Last week I was able to bring you good news in relation to group work in terms of our performance in PISA tests (for 15 year olds). And now, other international comparison tests (PIRLS – for 9/10 year olds) tell us that we’re doing pretty well in reading too
– around 8th out of 50. So let’s give our teachers a really lovely big pat on the back. And now let’s be really careful about jumping to conclusions. The good news is:-
- We improved our scores by 7 marks in five years – from 552 to 559 an increase of around 1.25%.
- More significantly, we narrowed the gap between the lower achieving pupils and the higher achieving ones.
- And we made progress on closing the gap on gender differences with boys improving.
This is really heartening. And in addition, our pupils do really well at inference from fictional texts, though less well on extraction of information from non fiction texts. So, after cracking open the champagne and giving teachers a pay rise, what conclusions are the government making from this outcome?
Well, they are demonstrating that they too are better at making inferences than drawing out facts. Nick Gibb was keen to point out that this was the first cohort of children to have taken the phonics test and that therefore the improvement was an endorsement of the phonics check. But wait…this cohort of children achieved only a 58% pass rate in their Phonics Check in 2012. In 2017 it was 81%. Can we expect a rise of 23% in the next PIRLS test? It seems unlikely. And an analysis of the results conducted by Oxford university found only a moderate correlation of 0.52 between the two – that’s without taking statistical variance of the results into account. Of course, it’s also important to consider that correlation is not cause. The correlation simply suggests that on the whole, children who did well in one test, tended to do well in another. And vice versa. Not that one test CAUSED the results in the other. In fact the report concluded that “while the average PIRLS scores of the lowest performing pupils in England have increased since 2011, it appears too hasty to claim that these improvements are attributable to policy changes.”
Nevertheless, it would seem churlish not to accept that surely SSP teaching has played a part in this improvement. This cohort are the first to have truly been impacted by the introduction of SSP in 2007 by the previous Labour government. Credit where it’s due.
And the performance in inference skills suggest that schools are doing well on ensuring children are reading fiction and developing comprehension and analysis skills.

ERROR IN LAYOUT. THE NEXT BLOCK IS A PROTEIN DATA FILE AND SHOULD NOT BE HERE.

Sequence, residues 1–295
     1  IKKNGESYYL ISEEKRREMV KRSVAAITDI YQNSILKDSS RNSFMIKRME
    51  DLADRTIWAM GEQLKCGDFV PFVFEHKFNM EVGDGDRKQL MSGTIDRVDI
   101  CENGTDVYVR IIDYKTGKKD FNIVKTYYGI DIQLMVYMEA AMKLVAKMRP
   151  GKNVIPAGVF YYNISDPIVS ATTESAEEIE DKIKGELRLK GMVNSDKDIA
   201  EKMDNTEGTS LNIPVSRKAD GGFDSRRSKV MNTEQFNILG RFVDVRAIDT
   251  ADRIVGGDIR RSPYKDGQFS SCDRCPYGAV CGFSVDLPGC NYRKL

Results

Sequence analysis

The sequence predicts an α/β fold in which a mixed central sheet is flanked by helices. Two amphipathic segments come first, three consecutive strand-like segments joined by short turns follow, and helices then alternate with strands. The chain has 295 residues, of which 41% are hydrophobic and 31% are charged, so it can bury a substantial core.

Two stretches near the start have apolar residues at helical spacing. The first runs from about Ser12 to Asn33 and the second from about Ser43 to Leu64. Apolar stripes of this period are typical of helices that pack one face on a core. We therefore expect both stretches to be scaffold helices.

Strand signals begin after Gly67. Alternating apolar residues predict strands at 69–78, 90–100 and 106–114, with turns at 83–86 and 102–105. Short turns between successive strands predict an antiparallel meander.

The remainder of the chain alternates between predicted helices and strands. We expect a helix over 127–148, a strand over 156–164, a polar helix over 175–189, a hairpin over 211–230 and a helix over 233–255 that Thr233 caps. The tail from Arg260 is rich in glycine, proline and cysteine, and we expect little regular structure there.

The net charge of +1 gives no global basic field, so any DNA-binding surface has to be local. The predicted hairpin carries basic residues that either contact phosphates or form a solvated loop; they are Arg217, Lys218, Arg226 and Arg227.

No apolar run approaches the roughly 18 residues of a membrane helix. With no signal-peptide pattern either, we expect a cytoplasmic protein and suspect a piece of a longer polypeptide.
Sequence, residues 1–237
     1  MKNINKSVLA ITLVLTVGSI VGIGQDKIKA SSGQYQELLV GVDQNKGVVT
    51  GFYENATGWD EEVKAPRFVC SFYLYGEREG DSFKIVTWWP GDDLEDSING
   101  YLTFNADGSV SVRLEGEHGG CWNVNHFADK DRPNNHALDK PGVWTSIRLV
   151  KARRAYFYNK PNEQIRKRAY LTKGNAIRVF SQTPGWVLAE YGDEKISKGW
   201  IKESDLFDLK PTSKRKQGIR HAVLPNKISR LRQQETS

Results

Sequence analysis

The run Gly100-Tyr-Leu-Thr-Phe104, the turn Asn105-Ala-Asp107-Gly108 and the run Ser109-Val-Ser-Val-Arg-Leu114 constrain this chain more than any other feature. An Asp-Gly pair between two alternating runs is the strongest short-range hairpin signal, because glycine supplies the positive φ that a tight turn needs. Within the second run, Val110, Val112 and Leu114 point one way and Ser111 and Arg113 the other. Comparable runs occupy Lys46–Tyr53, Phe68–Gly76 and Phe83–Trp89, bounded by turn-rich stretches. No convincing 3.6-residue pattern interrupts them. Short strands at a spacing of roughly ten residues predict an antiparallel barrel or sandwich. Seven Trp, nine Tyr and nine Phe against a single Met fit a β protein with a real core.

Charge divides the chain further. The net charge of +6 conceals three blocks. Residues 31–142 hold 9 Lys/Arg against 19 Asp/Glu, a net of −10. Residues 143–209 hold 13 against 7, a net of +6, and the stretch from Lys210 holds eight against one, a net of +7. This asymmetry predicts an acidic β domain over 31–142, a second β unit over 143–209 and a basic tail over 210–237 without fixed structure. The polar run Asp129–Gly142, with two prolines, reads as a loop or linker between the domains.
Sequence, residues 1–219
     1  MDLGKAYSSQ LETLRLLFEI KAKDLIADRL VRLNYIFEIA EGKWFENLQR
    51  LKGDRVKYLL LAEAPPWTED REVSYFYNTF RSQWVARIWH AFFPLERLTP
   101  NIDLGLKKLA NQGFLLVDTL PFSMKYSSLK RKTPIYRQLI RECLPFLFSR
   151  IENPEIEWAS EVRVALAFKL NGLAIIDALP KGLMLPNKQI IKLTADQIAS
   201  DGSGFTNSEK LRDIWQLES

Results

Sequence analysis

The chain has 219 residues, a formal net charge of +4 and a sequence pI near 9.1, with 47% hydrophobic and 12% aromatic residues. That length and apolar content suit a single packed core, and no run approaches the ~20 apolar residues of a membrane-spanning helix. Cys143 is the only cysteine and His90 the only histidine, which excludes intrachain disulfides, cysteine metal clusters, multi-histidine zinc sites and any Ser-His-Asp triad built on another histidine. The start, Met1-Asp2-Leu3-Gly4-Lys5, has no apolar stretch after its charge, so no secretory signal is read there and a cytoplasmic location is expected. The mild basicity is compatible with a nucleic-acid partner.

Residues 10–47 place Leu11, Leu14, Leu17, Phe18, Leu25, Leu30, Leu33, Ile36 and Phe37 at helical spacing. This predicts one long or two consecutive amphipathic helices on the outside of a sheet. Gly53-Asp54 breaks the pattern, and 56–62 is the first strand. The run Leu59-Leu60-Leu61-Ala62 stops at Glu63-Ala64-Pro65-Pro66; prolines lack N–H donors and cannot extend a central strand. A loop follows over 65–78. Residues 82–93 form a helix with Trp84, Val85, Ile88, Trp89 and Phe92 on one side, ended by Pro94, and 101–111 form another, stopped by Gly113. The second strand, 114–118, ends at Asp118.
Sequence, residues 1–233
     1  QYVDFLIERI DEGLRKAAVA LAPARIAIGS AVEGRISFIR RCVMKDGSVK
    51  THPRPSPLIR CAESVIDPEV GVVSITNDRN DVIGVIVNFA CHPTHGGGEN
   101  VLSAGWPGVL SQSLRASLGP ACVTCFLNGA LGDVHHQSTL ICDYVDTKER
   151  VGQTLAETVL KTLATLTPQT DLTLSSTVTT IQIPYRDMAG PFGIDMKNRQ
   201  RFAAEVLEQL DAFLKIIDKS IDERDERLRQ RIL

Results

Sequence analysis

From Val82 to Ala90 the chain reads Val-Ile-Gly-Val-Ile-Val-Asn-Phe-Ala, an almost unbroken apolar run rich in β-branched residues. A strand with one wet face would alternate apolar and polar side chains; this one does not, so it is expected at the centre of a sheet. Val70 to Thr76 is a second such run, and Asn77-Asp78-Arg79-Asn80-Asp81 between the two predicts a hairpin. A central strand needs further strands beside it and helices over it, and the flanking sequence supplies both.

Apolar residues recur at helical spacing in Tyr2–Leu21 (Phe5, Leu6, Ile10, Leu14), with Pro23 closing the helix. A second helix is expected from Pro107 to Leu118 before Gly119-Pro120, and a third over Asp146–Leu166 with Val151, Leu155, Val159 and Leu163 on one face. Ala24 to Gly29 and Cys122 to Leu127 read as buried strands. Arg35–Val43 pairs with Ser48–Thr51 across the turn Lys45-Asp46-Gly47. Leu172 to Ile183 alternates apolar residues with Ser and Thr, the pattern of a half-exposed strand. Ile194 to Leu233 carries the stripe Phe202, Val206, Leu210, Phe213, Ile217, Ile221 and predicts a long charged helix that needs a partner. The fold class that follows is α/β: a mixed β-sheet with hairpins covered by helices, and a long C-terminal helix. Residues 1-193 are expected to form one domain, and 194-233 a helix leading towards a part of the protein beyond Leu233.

However, the enjoyment of reading for both boys and girls was lower than the average for the countries taking part, and much more so for boys. This supports the findings too of the Clackmannanshire report into early reading that found that although SSP led to boys improved reading outcomes, they nevertheless reported lower levels of enjoyment of reading than the girls in spite of their accelerated success. A tendency for boys’ enjoyment of reading to be not only lower but to reduce between the ages of 11 and 16 is problematic. This is a worry, particularly when we consider recent IoE data that showed that children who read for pleasure between the ages of 11 and 16 know 26% more vocabulary and tend to do better at GCSE. It may be that although we are teaching children to read well, the fact that they don’t enjoy reading is ultimately impacting on outcomes further down the line.
Interestingly, the correlation between books at home and performance in PIRLS was far stronger than the correlation between the introduction of the phonics check and the PIRLS reading result. Clearly there are complexly inter-related social, cultural and economic factors at play here and again, correlation is not necessarily cause.
So in short, what are our headlines? Lots will depend on your point of view. But for me, I’d say:-
- Phonics seems to be impacting. Just make sure you keep it short, sweet, interactive and fun so they don’t get put off reading.
- Focus on reading for pleasure and see how books can be brought into and kept in the home. Second hand book sales at school? Swaps? Gifts?
- Consider information retrieval as this is one of our weaker areas. Are we allowing children to read enough non fiction and pull information out of texts? This can be done in really imaginative and creative ways – doesn’t have to be a comprehension worksheet.
But most of all, let’s just take a moment to say, well done primary teachers. Well done pupils. In spite of everything – you’re making a difference.